Mesophotic reefs tend to occur at depths greater than 50 m in tropical areas. These depths are harder to access using conventional scuba and so these habitats remain understudied. However, by using technical dive techniques (mixed gases, staged decompression) a greater number of scientists are working on mesophotic reefs and revealing just how important these habitats may be. We are using a combination of acoustic telemetry, stable isotopes, and mixed gas diving, to investigate how top predators (sharks and Jacks) use mesophotic reefs and what role they may play in structuring the communities. This work is being conducted at the remote and uninhabited Pearl and Hermes atoll, which is part of the Northwestern Hawaiian Island chain.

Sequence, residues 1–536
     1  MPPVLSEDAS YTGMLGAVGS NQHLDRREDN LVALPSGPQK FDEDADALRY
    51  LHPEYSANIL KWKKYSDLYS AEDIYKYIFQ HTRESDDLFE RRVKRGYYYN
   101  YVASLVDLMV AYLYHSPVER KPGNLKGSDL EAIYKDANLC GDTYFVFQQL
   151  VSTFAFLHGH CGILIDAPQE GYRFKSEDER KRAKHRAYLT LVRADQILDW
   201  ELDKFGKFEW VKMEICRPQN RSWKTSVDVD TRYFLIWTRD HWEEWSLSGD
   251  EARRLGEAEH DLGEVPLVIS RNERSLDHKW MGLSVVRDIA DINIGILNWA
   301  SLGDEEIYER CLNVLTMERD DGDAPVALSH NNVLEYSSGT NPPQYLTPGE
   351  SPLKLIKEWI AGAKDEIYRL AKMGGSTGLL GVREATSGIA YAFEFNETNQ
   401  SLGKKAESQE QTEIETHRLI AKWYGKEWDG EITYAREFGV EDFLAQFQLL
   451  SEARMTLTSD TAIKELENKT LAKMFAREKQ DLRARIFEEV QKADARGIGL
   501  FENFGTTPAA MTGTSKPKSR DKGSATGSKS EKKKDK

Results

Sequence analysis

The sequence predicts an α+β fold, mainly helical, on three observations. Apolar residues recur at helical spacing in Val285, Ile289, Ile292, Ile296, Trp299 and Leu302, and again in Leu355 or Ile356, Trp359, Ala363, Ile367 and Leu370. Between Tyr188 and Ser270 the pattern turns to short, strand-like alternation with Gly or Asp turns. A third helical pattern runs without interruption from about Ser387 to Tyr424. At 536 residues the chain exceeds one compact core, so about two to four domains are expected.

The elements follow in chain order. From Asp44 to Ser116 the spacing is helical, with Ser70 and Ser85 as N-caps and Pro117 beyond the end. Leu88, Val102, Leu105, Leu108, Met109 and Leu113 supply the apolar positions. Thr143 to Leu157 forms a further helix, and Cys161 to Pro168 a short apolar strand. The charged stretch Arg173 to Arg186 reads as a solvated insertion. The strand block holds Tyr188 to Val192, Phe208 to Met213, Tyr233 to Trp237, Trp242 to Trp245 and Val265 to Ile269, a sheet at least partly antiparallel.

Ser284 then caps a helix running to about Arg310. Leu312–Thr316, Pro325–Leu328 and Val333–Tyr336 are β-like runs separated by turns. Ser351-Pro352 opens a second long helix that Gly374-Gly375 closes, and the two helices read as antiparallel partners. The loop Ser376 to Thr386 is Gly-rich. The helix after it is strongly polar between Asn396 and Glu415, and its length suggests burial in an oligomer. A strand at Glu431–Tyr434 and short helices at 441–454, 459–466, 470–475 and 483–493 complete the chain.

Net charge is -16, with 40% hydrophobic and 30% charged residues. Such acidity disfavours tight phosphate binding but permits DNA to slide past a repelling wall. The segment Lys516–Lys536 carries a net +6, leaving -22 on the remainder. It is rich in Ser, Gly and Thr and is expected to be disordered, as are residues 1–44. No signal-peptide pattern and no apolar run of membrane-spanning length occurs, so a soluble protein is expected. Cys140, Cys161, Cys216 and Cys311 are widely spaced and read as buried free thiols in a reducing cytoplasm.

Collaborators: Dr Carl Meyer (University of Hawaii), Dr Randy Kosaki (NOAA), Dr Brian Popp (University of Hawaii).
Papastamatiou Y, Meyer C, Kosaki R, Wallsgrove N, Popp B. 2014. Movements and foraging by top predators associated with mesophotic coral reefs and their linking of ecological habitats. Marine Ecology Progress Series. In Press
Wagner D, Papastamatiou Y., Kosaki R., Gleason K., McFall G., Boland R., Pyle R., Toonen R. 2011. New records of commercially valuable black corals (Cnidaria: Antipatharia) from the Northwestern Hawaiian Islands at mesophotic depths. Pacific Science. 65(2): 249-255